Hundreds of racists turned up in London on 13 June to counter-protest a Black Lives Matter (BLM) demonstration. As they became violent towards anti-racist protesters and police, one person called them “the British KKK”.
The BLM march was officially called off because of concerns that it would be attacked. Witnesses claim that some people present were doing Nazi salutes and shouting “heil Hitler”:
Fighting the police
After singing the national anthem at the Cenotaph, the crowd appeared desperate to engage in violence. Journalists were attacked and videos show right-wing protesters attacking the police:
Apparently, the crowds had gathered to protect London’s colonial statues from being vandalised after anti-racist protesters drowned a statue of slave-trader, Edward Colston, in Bristol harbour on 7 June. But the state had already protected several monuments and had even pre-emptively boarded up a statue of Winston Churchill.
The far-right wasn’t just there to protect their monuments:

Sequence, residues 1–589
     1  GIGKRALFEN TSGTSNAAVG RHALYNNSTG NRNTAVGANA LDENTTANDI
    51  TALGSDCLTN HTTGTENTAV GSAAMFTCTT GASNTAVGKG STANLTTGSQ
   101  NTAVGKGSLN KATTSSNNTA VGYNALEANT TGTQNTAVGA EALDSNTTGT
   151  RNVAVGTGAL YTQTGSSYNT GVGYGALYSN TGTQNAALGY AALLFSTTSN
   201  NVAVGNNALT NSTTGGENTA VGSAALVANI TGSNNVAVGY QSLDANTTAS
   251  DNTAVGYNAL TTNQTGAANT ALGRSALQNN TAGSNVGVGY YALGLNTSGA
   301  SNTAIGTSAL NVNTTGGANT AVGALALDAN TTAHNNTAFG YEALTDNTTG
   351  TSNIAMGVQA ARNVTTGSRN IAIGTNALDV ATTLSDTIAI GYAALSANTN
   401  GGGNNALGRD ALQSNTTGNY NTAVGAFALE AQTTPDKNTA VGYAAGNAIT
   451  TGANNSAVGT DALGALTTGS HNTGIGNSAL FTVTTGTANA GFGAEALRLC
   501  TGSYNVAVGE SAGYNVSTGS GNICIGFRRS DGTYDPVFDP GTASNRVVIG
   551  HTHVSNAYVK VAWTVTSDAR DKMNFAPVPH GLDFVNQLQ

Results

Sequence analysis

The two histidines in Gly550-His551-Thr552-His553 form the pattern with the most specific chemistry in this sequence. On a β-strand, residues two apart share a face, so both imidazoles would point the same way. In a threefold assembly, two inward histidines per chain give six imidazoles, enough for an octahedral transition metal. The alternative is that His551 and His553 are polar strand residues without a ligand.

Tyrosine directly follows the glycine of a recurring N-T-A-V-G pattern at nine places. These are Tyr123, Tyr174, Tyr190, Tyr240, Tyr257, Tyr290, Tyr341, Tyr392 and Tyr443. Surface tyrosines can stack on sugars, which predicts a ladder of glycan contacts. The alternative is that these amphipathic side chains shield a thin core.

“Let’s call them for who they really are”
While some of the crowd called themselves the Football Lads, anti-racists are keen to point out what they really are. One person said “they’re literally the British KKK”:
Videos on social media showed the extent of the white, right-wing violence:
London isn’t the only city seeing these so-called ‘protection groups’ taking to the streets. Smaller numbers of racists paraded in the streets of Newcastle and Brighton too:
Since the BLM protests began, the far-right has also taken to the streets in Plymouth. Jacob Goldberg, a Plymouth anti-fascist, told The Canary:
Anyone with sense could have foreseen what happened in London today. As we exposed in Plymouth last Sunday, these ‘protection groups’ are full of far-right activists hiding behind a veneer of respect for the fallen. It’s clearly a charade – why else would they go around doing Nazi salutes in their spare time?
The fact is, what we’re seeing in Plymouth and London are just days out for the far right – drinking and shouting racist, sexist abuse.
It’s down to us – we all have to speak out against their lies, and stand up to their intimidation.
He’s right. We can all challenge racism. Even small acts count, like challenging social media friends’ racist comments online. If we stay silent about racism, we’re complicit.
Featured image via Twitter – screengrab